Lemma 5: No group of order $80 = 2^4 \cdot 5$ is simple. Proof: Suppose otherwise that $G$ is a simple group of order 80. By Sylow's Theorem, $n_2 \in \{ 1,5 \}$ and $n_5 \in \{ 1, 16 \}$. Since $G$ is simple, $n_2 = 5$ and $n_5 = 16$. Now the Sylow 5-subgroups have prime order, and thus intersect trivially. Thus $G$ has $16 \cdot 4 = 64$ elements of order 5. Let $P_2$ be a Sylow 2-subgroup. There exists a second Sylow 2-subgroup $Q_2$, and there exists an element $x \in Q_2$ not in $P_2$; then $G$ has at least 16 + 1 = 17\$ elements in Sylow 2-subgroups. So $G$ has at least 81 elements, a contradiction. So no simple group of order 80 exists. $\square$

Lemma 6: No group of order $56 = 2^3 \cdot 7$ is simple. Proof: Suppose to the contrary that $G$ is a simple group of order 56. Sylow's Theorem and the simplicity of $G$ force $n_7 = 8$ and $n_2 = 7$. Since all Sylow 7-subgroups of $G$ intersect trivially, $G$ has at least $6 \cdot 8 = 48$ elements of order 7. Let $P_2$ be a Sylow 2-subgroup, and let $Q_2$ be a Sylow 2-subgroup distinct from $P_2$. $Q_2$ contains an element $x$ not in $P_2$; so $G$ contains at least $8 + 1 = 9$ elements in Sylow 2-subgroups. Hence $|G| \geq 57$, a contradiction. Thus no such group exists. $\square$

Lemma 7: No group of order $84 = 2^2 \cdot 3 \cdot 7$ is simple. Proof: By Sylow’s Theorem, $n_7$ divides 12 and is congruent to 1 mod 7; thus $n_7 = 1$. The (unique) Sylow 7-subgroup is then normal. $\square$

Lemma 8: No group of order $2^2 \cdot 3^k$ is simple for $k \geq 2$. Proof: Suppose to the contrary that $G$ is a simple group of this order. By Sylow’s Theorem, $n_3 \in \{ 1,4 \}$. If $n_3 = 4$, then $G$ acts by conjugation on its (four) Sylow 3-subgroups, yielding a permutation representation $G \rightarrow S_4$ with kernel $K$. Note that $K \leq N_G(P_3)$ for each Sylow 3-subgroup $P_3$. If $K = G$, then $N_G(P_3) = G$, so that $P_3$ is normal and $n_3 = 1$, a contradiction. If $K = 1$, then $|G|$ divides $S_4$. But 9 divides $|G|$ and does not divide $24$, a contradiction. Thus no simple group of this order exists. $\square$

Lemma 9: No group of order $2^3 \cdot 3^k$ is simple for $k \geq 2$. Proof: Suppose to the contrary that $G$ is a simple group of this order. By Sylow’s Theorem, $n_3 \in \{ 1,4 \}$. If $n_3 = 4$, then $G$ acts by conjugation on its (four) Sylow 3-subgroups, yielding a permutation representation $G \rightarrow S_4$ with kernel $K$. Note that $K \leq N_G(P_3)$ for each Sylow 3-subgroup $P_3$. If $K = G$, then $N_G(P_3) = G$, so that $P_3$ is normal in $G$ and $n_3 = 1$, a contradiction. If $K = 1$, then $G \leq S_4$; but $|G| \geq 72 > 24 = |S_4|$, a contradiction. So no simple group of this order exists. $\square$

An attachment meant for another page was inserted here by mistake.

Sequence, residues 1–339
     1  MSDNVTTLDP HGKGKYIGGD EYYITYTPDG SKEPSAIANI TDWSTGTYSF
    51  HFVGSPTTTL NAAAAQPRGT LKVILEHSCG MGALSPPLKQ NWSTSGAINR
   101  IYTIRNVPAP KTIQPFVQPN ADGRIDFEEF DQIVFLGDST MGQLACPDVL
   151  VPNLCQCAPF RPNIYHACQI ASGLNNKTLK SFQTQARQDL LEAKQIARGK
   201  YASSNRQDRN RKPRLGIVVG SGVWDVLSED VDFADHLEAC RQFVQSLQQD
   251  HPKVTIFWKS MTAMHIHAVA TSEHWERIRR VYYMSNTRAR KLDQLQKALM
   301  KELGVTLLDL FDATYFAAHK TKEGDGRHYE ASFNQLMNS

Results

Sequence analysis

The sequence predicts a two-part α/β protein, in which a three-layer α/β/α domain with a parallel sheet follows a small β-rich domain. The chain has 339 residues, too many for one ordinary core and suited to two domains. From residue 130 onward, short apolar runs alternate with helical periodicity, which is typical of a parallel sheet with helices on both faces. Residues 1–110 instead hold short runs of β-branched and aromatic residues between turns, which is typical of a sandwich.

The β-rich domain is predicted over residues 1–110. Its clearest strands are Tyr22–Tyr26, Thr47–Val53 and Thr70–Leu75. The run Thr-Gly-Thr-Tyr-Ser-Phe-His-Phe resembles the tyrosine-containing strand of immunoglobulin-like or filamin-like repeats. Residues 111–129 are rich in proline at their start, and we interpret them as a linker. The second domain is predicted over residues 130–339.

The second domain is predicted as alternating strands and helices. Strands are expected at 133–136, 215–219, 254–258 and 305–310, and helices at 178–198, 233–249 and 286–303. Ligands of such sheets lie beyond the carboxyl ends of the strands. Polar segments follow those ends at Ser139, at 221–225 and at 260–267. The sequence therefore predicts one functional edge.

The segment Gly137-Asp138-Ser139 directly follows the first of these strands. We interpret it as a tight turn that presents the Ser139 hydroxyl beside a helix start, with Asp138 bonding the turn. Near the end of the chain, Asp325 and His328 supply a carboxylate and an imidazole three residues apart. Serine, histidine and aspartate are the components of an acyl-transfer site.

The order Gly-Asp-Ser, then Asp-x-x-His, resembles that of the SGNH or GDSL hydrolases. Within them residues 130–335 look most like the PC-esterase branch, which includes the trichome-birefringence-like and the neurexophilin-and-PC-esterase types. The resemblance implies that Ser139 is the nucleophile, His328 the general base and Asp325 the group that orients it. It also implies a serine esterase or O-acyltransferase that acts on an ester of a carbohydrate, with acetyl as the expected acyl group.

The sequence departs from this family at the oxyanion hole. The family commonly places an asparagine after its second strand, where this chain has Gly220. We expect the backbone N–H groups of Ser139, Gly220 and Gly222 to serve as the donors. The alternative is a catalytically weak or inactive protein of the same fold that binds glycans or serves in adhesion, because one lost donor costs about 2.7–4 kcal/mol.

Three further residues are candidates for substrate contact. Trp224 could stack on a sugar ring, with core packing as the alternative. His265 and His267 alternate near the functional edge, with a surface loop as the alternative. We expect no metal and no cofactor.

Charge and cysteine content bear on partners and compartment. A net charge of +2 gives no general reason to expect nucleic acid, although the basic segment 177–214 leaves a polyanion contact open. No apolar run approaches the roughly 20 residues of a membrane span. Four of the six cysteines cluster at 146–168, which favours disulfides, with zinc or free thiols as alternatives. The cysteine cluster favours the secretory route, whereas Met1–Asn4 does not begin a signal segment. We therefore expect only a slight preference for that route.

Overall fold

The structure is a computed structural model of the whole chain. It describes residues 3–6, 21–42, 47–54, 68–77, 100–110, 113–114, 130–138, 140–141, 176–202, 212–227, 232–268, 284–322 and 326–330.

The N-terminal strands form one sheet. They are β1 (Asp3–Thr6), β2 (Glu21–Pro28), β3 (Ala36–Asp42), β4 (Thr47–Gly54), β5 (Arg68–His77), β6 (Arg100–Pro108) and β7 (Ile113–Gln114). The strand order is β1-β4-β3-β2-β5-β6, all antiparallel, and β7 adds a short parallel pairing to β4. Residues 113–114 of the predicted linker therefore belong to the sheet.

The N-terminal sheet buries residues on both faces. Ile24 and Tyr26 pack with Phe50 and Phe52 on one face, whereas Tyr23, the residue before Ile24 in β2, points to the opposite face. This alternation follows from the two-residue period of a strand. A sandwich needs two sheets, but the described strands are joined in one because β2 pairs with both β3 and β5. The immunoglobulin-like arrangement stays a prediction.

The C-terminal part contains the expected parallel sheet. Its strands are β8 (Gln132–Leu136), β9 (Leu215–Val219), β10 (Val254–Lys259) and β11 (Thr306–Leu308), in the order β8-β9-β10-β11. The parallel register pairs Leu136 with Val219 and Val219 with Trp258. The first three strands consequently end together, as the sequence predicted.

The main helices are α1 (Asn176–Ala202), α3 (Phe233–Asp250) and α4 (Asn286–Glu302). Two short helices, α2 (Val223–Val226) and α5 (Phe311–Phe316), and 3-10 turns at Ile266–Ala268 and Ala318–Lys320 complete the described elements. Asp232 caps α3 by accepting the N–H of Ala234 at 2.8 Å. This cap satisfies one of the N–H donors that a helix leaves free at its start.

Lemma 10: No group of order $90 = 2 \cdot 3^2 \cdot 5$ is simple. Proof: Suppose to the contrary that $G$ is a simple group of order 90. Sylow’s Theorem forces $n_5 \in \{ 1,6 \}$; we may assume $n_5 = 6$ since $G$ is simple. Now $G$ acts on its (six) Sylow 5-subgroups by conjugation, yielding a permutation representation $G \rightarrow S_6$ with kernel $K$. Note that $K \leq N_G(P_5)$ for each Sylow 5-subgroup $P_5$. If $K = G$, then $N_G(P_5) = G$, so that $P_5$ is normal in $G$, a contradiction. If $K = 1$, we have $G \leq S_6$. Note that every element of order 5 in $G$ is represented by a 5-cycle in $S_6$; thus $A_6 \cap G \neq 1$. Clearly $G \neq A_6$ by order considerations. Now $A_6 \cap G$ is a nontrivial normal subgroup of $G$, a contradiction. Thus no simple group of order 90 exists. $\square$

Finally, note that if $G$ is a finite group of order $n < 100$ with $n \neq 60$, then $G$ is not simple. If $G$ is a simple group of order 60, we saw in the text that $G \cong A_5$.

• nhanttruong  On June 29, 2011 at 6:45 pm

Typo in the last paragraph: n not 60.

Why do you have 2r 2x 2y 2W 2X . . . in the leftmost column of your table?

• nbloomf  On June 30, 2011 at 2:11 pm

Thanks!

As for the letters in the left column- I’m not sure what’s going on. It’s correct in the page source. Weird…

• nbloomf  On June 30, 2011 at 2:20 pm

Okay, the numbers show up correctly now.

To fix it, I put the messed up numbers in a pair of braces. Compare: (no braces) $32$ and (braces) ${32}$.

Strangely, 37, 40, and 76 required two sets of braces. Compare: (no braces) $40$, (one pair) ${40}$, (two pairs) ${{40}}$.

Strange.

• nhanttruong  On June 30, 2011 at 7:12 pm

> Strangely, 37, 40, and 76 required two sets of braces.

First Dummit and Foote, now wordpress. When will it end?!

• Gobi Ree  On December 21, 2011 at 12:43 am

I don’t understand “Note that every element in $G$ is represented by a 5-cycle in $S_6$” in Lemma 10.

• nbloomf  On January 18, 2012 at 1:59 pm

That should read ‘every element of order 5 in $G$‘.

For some reason, WordPress isn’t letting me fix the typo at the moment.

• nbloomf  On January 19, 2012 at 10:03 am

Okay- it’s fixed now.

• Zach  On March 20, 2012 at 11:26 pm

Just a thought, isn’t Z/pZ simple for prime p because there do not exist any nontrivial proper subgroups? If there are no nontrivial proper subgroups, there cannot possibly be any nontrivial proper normal subgroups.

• nbloomf  On August 21, 2012 at 10:31 am

True.